It was an outcome not many people could have foreseen; certainly not the political heavyweights who have dominated the political scene in Madagascar for the past decade. fter years of wrangling between seemingly irreconcilable political actors, the Special Electoral Court in Madagascar has now paved the way for a solution to the country’s political crisis that is controversial and in some aspects even radical.
One would be justified to ask whether this result of the mediation efforts – which excludes all the major players in the political dispute from next month’s presidential elections – is fair and has the potential to usher in a new era.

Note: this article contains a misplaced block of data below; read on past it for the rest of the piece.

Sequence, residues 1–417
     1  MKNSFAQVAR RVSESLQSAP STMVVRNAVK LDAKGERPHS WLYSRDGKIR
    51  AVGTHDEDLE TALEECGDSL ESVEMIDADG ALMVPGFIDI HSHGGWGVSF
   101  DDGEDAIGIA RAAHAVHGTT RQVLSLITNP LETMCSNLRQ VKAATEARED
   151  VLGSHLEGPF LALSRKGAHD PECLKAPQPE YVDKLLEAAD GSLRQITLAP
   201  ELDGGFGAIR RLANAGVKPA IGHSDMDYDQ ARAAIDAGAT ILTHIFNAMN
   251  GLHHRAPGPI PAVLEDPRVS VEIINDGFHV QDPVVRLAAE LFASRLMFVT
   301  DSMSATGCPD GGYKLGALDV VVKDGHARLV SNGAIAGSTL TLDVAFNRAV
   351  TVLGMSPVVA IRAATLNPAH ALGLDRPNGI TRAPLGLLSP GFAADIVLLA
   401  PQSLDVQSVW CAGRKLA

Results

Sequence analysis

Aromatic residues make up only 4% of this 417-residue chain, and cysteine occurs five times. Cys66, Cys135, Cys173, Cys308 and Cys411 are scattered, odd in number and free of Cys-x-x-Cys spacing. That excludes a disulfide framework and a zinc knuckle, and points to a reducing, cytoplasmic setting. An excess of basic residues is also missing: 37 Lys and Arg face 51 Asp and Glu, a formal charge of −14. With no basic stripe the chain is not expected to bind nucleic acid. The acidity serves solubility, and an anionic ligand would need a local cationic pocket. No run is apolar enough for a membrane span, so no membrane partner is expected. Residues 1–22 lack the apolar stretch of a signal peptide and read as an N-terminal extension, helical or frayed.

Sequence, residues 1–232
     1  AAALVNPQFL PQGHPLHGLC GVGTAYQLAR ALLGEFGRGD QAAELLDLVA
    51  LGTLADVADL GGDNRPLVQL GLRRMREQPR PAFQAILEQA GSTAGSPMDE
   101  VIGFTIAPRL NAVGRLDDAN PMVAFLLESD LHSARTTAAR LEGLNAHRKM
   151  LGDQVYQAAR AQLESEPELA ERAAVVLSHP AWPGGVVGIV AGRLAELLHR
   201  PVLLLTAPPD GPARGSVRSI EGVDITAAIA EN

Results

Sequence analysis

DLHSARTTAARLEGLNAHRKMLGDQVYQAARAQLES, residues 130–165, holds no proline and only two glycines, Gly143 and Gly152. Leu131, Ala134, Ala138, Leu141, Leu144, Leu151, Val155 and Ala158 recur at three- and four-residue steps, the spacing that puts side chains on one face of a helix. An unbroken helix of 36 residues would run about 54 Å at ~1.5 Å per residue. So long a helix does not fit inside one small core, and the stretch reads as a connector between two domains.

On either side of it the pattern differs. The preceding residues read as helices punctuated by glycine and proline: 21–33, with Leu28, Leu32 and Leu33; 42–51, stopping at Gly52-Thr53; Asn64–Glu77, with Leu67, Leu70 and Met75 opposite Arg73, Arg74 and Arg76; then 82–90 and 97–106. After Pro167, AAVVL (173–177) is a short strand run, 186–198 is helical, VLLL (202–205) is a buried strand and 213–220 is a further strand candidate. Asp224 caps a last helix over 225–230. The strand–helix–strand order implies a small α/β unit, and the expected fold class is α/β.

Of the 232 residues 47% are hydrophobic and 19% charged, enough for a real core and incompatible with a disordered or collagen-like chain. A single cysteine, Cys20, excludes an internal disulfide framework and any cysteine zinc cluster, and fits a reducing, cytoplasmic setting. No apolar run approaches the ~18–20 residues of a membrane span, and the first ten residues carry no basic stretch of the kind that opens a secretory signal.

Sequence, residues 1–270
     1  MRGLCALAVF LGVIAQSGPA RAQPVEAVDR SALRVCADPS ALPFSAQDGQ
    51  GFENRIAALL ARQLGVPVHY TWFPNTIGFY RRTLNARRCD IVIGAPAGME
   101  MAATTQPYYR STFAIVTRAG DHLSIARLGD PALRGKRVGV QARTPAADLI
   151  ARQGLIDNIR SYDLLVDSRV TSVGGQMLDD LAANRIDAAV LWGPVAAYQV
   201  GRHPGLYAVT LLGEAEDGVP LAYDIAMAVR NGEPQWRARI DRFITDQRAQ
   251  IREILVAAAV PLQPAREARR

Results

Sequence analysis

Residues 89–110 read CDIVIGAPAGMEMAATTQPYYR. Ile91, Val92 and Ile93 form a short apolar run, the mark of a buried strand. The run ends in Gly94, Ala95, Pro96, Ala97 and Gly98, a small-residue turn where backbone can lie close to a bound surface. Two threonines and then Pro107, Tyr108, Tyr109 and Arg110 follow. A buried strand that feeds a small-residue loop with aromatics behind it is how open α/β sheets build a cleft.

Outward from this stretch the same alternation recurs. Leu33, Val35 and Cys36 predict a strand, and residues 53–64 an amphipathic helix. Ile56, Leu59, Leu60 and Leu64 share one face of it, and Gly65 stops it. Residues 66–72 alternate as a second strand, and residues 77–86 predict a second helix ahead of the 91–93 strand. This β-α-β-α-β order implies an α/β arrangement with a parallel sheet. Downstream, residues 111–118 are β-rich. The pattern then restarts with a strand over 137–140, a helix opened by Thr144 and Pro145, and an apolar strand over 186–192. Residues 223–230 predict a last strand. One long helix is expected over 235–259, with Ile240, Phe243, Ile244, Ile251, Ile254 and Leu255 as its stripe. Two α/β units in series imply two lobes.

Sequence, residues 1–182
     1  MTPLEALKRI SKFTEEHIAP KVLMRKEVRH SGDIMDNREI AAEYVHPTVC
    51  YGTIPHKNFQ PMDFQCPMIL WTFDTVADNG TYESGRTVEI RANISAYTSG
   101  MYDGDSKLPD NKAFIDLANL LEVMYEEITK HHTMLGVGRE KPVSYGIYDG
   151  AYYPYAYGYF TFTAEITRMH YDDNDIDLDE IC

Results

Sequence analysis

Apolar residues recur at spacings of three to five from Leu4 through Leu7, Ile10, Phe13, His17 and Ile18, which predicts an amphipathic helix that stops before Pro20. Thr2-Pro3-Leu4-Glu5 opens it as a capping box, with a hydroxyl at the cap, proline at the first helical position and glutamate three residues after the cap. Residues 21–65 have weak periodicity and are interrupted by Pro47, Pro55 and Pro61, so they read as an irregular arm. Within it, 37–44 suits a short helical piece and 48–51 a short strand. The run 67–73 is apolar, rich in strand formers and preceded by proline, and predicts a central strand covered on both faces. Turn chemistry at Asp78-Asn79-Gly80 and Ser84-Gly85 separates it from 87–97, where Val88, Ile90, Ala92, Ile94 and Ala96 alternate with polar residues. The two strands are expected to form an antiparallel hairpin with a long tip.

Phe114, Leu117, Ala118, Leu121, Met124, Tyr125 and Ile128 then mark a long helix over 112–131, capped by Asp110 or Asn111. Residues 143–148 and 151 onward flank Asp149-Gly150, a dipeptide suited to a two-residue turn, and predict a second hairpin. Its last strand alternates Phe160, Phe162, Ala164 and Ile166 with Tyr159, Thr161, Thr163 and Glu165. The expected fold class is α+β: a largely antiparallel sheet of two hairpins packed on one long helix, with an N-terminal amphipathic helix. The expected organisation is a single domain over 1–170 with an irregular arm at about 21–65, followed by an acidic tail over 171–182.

Is this a novel approach by the Southern African Development Community (SADC) and the African Union (AU), which, in the past, tended to favour power-sharing deals like the ones in Kenya and Zimbabwe? Or have events on the ground in Madagascar compelled the mediators to take such drastic measures in order to break an interminable deadlock?
Last month, the newly reconvened Special Electoral Court excluded current President Andry Rajoelina, former president Didier Ratsiraka and Lalao Ravalomanana, wife of ousted president Marc Ravalomanana, from participating in the elections planned for 25 October, with a possible second round on 20 December.
The court, which had been reshuffled due to an intervention by international mediators, made this decision on technical grounds. It ruled that Rajoelina had handed in his candidature after the expiry date and that the two other candidates, Ratsiraka and Ravalomanana, hadn’t resided in Madagascar for six months before the election, as stipulated in the constitution.